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Visions of Chernobyl and the micro nukes

BY STEPHEN DiLAURO On a recent evening in Chelsea, I happened upon a pop-up exhibit in the same building where I had gone to visit an artist friend. At the exhibition, I met the photographer Sean Swann. His photos on display documented his trip to Chernobyl in Ukraine about five months before the Russian invasion.

Swann was very gracious and happy to explain the photos to me. They comprise an eerie reminder of the planet’s worst nuclear disaster ever. In total he has a catalog of some 600 images taken in the Chernobyl Exclusion Zone. During his tour of the area, he was exposed to the equivalent of a full-body X-ray every hour.

The sign outside the site of the Chernobyl nuclear plant. (Photo by Sean Swann)
At the epicenter of Chernobyl. (Photo by Sean Swann)
A rabbit left on a child’s bed in the radiation exclusion zone. Photo by Sean Swann)

After the meltdown of Chernobyl reactor Number Four, the other three reactors continued to operate until the 2022 invasion. One of the first acts of the Russian aggressors was to shut down those three nuclear reactors.

Swann was born and raised in Westchester County, not far from the Indian Point nuclear plant. I remember demonstrating there after the Three Mile Island disaster in Pennsylvania. At that time, I was opposed to all nuclear power. Swann had yet to be born at the time of Three Mile Island and was two years old when Chernobyl melted down.

Checking radiation levels in the exclusion zone. (Photo by Sean Swann)
(Photo by Sean Swann)
(Photo by Sean Swann)

After the Chernobyl disaster, the KGB did an investigation and found that a design flaw led to the meltdown. (The Three Mile Island disaster was the result of an undetected slow leak of the water cooling the reactor rods.) According to Swann, the KGB promptly classified that information regarding the design flaw. Where possible, the flaw was corrected. Currently, there are about 30 nuclear plants of the same design operating throughout Russia and other parts of the former Soviet Union.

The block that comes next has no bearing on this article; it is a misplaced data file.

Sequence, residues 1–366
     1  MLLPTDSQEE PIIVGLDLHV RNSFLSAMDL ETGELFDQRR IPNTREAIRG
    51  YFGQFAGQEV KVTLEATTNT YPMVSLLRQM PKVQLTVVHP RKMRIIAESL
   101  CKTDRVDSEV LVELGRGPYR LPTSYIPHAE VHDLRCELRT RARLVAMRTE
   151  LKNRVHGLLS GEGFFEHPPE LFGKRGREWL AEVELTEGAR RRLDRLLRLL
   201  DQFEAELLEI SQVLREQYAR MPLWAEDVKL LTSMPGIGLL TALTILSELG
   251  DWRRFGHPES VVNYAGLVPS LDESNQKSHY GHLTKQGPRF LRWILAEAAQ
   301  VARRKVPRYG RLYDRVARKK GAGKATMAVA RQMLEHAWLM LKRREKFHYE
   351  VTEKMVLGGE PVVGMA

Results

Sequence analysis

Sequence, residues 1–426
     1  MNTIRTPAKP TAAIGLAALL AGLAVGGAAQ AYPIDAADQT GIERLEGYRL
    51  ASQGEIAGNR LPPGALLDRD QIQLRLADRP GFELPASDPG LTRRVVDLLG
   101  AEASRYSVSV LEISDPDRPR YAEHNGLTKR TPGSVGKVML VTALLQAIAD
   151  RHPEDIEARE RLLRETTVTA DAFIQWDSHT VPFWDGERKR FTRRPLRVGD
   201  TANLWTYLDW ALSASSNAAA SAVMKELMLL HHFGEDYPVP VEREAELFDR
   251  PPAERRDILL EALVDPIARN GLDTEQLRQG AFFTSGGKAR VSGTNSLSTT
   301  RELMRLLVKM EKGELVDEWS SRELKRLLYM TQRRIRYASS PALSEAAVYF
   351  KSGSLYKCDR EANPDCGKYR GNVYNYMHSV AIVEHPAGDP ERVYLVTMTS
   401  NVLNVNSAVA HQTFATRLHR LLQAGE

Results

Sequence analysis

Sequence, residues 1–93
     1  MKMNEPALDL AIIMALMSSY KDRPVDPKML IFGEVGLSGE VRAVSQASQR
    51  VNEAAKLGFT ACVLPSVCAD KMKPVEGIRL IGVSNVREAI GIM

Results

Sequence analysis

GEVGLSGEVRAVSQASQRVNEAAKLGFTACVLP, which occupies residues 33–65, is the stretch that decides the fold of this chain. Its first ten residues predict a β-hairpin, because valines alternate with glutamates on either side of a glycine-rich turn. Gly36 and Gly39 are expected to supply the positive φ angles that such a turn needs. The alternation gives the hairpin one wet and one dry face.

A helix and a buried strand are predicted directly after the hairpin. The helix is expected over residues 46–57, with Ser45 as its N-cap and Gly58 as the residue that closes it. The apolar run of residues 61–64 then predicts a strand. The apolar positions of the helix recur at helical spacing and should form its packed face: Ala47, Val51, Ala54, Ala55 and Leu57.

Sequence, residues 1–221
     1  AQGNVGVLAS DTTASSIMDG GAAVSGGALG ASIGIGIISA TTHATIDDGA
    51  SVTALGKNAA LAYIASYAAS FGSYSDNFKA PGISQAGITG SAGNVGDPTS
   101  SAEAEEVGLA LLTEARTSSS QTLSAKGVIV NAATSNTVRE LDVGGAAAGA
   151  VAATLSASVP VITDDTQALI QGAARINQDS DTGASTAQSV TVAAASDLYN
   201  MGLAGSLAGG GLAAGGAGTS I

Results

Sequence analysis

As human beings face a climate disaster, more nuclear power is usually sidelined in any discussion of solutions, due to irrational fears of the old technology. Now, however, designs exist for “micro” nuclear generators. These plants have the potential to establish a decentralized electricity-generating system. Combined with advances in nuclear fusion, the results could be, and probably are, the best way forward to a climate solution.

(Photo by Sean Swann)
(Photo by Sean Swann)

These new plants will have accidents. Everything humans do is susceptible to error. The difference is that with these micro nukes, accidents will not be global radiation disasters. Any radiation accident is nasty. How nasty depends on the size of the plant. Likewise, implementation of fusion technology can obviate the problem of radioactive waste and its disposal.

Implementing this new technology would require educating the public to get past the fear, and getting greedy energy suppliers to agree to decentralized power production. Likewise, it would require the cooperation of both our bought-and-paid-for political parties. How likely is that to happen? Given the current rate of change… .

The radiation in the Chernobyl Exclusion Zone will naturally reduce to levels safe for human beings in approximately 20,000 years. Is it too soon to consider the Zone a real estate buying opportunity?

DiLauro, a playwright, is a roving culture correspondent for The Village Sun. His play “Dinner with the Devil” is on track for a commercial production.

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